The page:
The main route of infection is by respiratory droplets, produced by coughing or sneezing. These droplets can land on surfaces and will remain infectious for a short time. Most transmission overseas has occurred within households.  At the moment no cases in New Zealand have occurred from being infected from another infected person in New Zealand. There is no risk of infection from receiving immunoglobulin.

As yet there is no vaccine to prevent or treat COVID-19 and no medication.

Patients with immunodeficiency are generally at risk of infection, although it is unclear what the specific risks of COVID-19 are in this group.  We don’t know if immunoglobulin has any protective effect against COVID-19. It does however protect against other infections, including seasonal influenza (the flu). Getting the influenza vaccine once it is available is also important.

Handwashing is the most important form of prevention. Soap and water should be used for at least twenty seconds; alcohol-based hand gel can be used if soap and water are not available. People should cover their nose and mouths when coughing or sneezing. Maintain at least 1 metre distance from people who are coughing/sneezing.

Surgical masks can help prevent those who are infected from infecting others. They need to be correctly used to be effective and changed regularly with proper technique. Current Ministry of Health advice is that these are only recommended for unwell people with respiratory symptoms (coughing/sneezing).  High-level protective masks are being kept for hospital use.

Travel advice is changing rapidly and travel insurance may not cover people who travel to places with large numbers of cases. Depending on spread, people may end up having to self-quarantine for 14 days on their return. We advise checking the Safe Travel website (  for up to date information.


Phone dedicated Healthline no.   0800 358 5453  Available 24/7, has interpreters

If you are unwell and have an appointment please phone before attending

Day stay:  0800 466 254  Outpatients:  307 4949 ext 27038 ( Auckland Hospital)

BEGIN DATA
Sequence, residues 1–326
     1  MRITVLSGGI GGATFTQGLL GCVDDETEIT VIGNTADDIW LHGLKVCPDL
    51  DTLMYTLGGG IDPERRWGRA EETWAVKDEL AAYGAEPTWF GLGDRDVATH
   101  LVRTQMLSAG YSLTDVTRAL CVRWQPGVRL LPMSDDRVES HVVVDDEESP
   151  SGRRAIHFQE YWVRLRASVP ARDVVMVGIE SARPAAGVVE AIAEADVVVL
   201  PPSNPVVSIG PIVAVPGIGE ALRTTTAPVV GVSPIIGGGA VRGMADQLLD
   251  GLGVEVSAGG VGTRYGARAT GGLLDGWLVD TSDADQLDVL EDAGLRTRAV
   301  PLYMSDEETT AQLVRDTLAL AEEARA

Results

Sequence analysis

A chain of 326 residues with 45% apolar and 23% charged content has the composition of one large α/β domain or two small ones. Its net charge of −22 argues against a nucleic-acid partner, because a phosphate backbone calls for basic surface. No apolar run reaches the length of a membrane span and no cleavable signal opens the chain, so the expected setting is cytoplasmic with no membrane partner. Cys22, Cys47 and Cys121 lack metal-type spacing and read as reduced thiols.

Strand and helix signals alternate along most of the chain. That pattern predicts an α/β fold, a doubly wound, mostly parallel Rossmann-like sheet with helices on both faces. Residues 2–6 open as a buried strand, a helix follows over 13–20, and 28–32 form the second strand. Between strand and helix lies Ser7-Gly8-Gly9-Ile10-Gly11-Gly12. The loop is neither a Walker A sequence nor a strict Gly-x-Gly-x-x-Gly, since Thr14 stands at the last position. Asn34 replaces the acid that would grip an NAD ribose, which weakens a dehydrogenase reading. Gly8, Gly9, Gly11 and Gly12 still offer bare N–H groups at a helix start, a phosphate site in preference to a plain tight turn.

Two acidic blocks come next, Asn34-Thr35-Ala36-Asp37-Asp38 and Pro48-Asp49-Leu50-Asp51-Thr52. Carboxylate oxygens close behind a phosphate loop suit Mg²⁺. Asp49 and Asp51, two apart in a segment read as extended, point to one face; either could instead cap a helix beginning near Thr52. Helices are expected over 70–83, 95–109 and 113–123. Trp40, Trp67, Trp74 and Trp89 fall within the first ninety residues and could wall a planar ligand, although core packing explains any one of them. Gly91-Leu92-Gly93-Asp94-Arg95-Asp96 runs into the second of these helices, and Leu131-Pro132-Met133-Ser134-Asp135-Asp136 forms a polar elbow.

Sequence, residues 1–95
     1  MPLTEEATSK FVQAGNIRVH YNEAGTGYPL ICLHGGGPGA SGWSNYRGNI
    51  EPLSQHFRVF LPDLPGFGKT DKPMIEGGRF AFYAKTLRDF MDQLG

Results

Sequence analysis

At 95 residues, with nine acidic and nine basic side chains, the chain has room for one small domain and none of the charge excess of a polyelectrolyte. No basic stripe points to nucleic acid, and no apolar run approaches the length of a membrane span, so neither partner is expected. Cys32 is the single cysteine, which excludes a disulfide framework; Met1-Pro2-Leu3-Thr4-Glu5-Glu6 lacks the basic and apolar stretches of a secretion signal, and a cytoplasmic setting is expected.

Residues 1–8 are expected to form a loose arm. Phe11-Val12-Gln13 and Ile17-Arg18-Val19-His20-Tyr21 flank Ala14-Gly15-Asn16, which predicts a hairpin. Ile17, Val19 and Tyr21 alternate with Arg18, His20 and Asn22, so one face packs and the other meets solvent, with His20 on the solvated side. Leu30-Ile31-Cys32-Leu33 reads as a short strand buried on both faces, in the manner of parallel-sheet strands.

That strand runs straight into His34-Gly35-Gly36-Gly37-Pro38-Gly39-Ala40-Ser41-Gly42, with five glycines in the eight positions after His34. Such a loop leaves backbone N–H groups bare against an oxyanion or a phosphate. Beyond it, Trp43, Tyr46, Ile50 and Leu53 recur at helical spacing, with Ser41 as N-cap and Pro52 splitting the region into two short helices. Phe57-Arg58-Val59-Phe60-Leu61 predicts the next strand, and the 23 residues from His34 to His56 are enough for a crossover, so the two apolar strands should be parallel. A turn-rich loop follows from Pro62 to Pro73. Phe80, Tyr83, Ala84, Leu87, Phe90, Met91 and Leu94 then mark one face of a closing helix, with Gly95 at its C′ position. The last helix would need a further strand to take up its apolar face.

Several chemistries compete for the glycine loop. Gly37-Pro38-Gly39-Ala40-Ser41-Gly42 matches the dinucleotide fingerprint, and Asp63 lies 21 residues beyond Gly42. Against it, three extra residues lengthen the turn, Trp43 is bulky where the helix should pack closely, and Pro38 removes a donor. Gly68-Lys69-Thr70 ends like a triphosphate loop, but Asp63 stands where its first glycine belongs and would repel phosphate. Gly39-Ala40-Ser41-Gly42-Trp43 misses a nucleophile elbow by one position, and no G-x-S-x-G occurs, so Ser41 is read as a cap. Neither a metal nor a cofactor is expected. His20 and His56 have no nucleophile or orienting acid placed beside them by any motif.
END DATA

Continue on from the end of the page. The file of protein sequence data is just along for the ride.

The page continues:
If you feel unwell and have an IVIG or other hospital clinic appointment scheduled  please phone your clinic nurse specialist in advance to discuss .

Patients on Scig / IVIG treatment


Will I get COVID-19 from immunoglobulin?

The process of manufacture of immunoglobulin (donor screening, testing, purification etc.) means that there is no risk of becoming infected.

Will immunoglobulin protect me against COVID-19?

We don’t know. It will provide protection against other infections such as influenza that may make COVID-19 illnesses worse.

Can I get vaccinated?

There are no vaccines available yet for COVID-19. You can obtain influenza vaccine from your GP.

Should I still travel internationally?

Travel advice is changing rapidly. Check with the Safe Travel website ( and your travel insurance.

Should I still go to work/school?

Close household contact with cases is the main risk. Certain types of employment (e.g. customs, healthcare, work requiring extensive overseas travel) may also be increased risk. You need to discuss this with your employer and your specialist.

Should I still come to my appointment?

Yes, unless you are unwell (phone first) or have been told to self-isolate.

I read this thing on the internet…

Much of what is being said on the internet and social media is inaccurate and unhelpful. Check authoritative sites such as the Ministry of Health (for NZ), the CDC, and WHO. The Immune Deficiencies Foundation (US) have a COVID-19 page for PID patients (

If you have specific concerns not addressed here please discuss with your specialist

WHO Recommended Precautions

The World Health Organization’s and the Centers for Disease Control and Prevention’s recommendations to reduce exposure to and transmission of the coronavirus 2019-nCoV include but are not limited to:

·  Avoid close contact with people suffering from acute respiratory infections

·  Avoid close contact with anyone who has fever and cough

·  People with symptoms of acute respiratory infection should practice cough etiquette (maintain distance, cover coughs and sneezes with disposable tissues or clothing, and wash hands) and wear a respiratory mask

·  Frequent handwashing by using alcohol-based hand rub or soap and water, especially after direct contact with ill people or their environment

Useful Websites:

New Zealand  MOH : For official updated  local information refer to

ASCIA information about COVID-19 

The IDF USA web page also offers helpful updates including WHO reports: